Recently I came across data showing the decline of broadcast viewership vs. the growth of cable viewership. The chart clearly showed that the good old days of 3 major networks is over. Companies are adopting completely different media strategies, not only moving to cable but also to digital media.
Most senior marketers grew up in a different world where share of spending was highly correlated to share of market. By highly correlated, I do mean in the statistical sense. [When I was at Backer Spielvogel Bates, the media group could show a very strong correlation, over 80%, between spending levels and market share. All things being equal, the biggest gains often went to the companies with deep pockets. Media models were built on the assumption that the variations due to creative execution were generally minimal over time.]
The creative vehicle was thirty seconds long. Sometimes there were executions as long as 60 seconds at the beginning of a campaign.
The message of a brand had to be distilled. A whole new marketing science grew up around that distillation.
The branding model that dominated was brand positioning. The age of brand positioning was declared the age where brand strategy was more important than creative brilliance. In fact, Trout and Reis declared that the age of creativity was over and it was being replaced by the age of strategy. That was the model that today’s generation of senior marketers grew up knowing. It was the model that they associated with success early in their careers.
And today Brand Positioning is the model that still dominates. Our research shows that the large majority of marketers are using Brand Positioning as their most common branding approach.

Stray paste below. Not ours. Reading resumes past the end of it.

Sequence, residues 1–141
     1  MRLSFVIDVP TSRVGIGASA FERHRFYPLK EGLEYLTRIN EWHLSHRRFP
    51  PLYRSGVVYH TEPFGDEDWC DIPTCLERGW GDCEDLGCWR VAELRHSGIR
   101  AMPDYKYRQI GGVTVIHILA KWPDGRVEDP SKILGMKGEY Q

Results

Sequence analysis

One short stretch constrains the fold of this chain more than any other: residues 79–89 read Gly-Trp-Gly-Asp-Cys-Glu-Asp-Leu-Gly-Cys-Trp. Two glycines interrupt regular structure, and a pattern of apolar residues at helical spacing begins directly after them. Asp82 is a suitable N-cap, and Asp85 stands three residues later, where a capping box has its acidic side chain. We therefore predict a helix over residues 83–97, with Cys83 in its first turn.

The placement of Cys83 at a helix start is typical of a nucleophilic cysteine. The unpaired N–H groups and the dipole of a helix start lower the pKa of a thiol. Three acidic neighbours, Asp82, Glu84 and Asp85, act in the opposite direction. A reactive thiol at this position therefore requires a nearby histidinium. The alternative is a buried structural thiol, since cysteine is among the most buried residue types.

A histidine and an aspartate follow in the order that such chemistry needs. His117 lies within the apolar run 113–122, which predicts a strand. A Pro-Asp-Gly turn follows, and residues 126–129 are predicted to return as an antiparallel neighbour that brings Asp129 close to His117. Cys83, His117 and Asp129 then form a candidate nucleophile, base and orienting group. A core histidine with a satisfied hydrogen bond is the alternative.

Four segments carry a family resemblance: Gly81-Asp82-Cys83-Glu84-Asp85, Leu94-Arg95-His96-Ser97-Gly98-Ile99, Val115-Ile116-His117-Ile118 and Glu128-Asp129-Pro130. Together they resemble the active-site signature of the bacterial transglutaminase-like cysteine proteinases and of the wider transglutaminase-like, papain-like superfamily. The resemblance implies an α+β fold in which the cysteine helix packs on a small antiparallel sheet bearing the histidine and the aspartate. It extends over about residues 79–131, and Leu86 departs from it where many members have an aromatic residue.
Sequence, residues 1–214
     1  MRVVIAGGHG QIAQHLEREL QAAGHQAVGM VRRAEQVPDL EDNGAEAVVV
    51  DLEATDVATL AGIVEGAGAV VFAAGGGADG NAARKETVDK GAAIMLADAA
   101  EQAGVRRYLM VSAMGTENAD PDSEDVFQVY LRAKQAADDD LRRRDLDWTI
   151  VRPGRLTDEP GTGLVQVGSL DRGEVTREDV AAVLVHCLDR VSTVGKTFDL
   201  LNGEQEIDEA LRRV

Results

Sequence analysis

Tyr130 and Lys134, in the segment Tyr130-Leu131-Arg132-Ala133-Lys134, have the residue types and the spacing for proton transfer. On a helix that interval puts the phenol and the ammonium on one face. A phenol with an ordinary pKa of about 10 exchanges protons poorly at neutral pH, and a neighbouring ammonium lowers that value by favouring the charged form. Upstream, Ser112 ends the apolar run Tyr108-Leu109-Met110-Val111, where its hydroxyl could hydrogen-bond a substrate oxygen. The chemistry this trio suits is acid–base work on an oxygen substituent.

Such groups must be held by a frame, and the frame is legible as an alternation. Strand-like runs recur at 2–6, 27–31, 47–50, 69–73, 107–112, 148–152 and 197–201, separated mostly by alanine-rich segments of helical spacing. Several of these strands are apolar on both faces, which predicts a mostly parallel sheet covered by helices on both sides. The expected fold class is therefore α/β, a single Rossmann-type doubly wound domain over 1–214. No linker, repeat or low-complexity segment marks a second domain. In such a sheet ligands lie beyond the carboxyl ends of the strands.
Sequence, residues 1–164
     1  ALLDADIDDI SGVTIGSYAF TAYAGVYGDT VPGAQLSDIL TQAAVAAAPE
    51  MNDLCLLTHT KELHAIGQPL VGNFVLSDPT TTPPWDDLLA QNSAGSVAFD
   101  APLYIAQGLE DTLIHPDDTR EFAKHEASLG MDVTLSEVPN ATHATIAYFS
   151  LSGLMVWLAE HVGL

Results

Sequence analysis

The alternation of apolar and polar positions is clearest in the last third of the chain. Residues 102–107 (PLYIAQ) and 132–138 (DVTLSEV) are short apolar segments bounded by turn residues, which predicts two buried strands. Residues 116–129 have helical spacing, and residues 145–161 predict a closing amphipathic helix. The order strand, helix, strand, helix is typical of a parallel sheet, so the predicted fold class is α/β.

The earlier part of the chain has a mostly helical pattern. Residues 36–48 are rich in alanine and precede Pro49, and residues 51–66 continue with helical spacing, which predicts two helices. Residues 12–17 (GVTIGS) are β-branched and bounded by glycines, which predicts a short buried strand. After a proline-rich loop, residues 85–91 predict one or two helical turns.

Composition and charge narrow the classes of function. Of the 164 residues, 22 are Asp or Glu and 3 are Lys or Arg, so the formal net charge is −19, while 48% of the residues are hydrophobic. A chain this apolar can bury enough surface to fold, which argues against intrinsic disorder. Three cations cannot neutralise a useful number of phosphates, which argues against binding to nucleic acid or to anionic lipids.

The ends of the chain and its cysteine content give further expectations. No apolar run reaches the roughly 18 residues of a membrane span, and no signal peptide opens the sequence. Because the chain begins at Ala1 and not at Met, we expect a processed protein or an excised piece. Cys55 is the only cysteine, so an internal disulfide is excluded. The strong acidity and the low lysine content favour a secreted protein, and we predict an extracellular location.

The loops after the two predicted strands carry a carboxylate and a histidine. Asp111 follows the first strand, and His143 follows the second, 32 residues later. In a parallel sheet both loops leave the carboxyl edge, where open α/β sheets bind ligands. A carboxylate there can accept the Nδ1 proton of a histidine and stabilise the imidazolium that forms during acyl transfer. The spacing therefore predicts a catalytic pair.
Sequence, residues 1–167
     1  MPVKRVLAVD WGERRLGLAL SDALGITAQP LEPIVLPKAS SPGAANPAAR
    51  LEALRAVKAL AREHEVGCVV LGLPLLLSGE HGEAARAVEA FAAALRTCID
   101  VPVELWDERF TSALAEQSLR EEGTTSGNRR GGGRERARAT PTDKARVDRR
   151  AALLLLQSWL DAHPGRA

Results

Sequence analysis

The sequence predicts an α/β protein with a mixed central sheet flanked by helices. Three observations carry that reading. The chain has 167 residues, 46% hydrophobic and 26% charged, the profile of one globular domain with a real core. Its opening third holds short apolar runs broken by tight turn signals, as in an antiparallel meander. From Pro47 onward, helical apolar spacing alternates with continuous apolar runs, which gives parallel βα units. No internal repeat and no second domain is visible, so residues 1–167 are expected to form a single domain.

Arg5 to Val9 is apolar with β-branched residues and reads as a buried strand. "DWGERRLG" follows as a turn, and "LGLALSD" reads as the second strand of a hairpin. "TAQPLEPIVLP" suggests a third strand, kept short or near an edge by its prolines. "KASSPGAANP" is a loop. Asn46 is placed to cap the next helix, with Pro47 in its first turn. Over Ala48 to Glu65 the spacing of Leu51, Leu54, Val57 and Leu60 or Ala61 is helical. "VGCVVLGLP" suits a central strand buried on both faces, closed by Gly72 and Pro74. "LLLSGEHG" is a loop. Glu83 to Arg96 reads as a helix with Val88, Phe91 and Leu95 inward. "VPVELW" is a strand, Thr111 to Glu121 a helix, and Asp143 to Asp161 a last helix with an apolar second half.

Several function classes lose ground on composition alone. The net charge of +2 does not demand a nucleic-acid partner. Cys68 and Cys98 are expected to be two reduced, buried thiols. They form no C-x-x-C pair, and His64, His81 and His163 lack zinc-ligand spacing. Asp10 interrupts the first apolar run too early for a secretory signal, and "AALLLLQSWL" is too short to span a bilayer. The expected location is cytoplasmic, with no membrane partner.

Yet that brand positioning model no longer fits the facts and available data. The relationship between media spending and share of market has been broken. Significant brands have grown through many different kinds of branding models. Google is outspent by Yahoo, by Microsoft, by AOL. Yet Google has grown while the others have shrunk. Is the Google product really all that much better than the others at this point in time? The difference is not noticeable by the average internet user. In fact, Microsoft is putting out data to show that Bing is more relevant in search results. Big spending, a demonstrable point of difference and yet little traction in the marketplace.
Strategy is not more important than Creativity.
A single point of difference, repeated in all media, is like showing a 30 second commercial over and over again at the length of a feature film.
The brand positioning model is broken. Media strategies have been reinvented. The models for successful branding need to be reinvented, too.
A model built for a world of 3 networks no longer fits the reality of our world today. The distillation appropriate for a 30 second commercial is simply not effective in a rich media online site where people can spend as much or as little time as they desire. It doesn’t work for creating a 3 minute YouTube.
The new brand models are based on the principles of storytelling. A story can be as long or as compressed as necessary. A story can be told in many episodes. A story unfolds over time. A story can have sub-plots to reach many different messages. A story has enough breathing room that it can engage in long media.
The Age of Brand Positioning is over. The Age of Narrative has begun.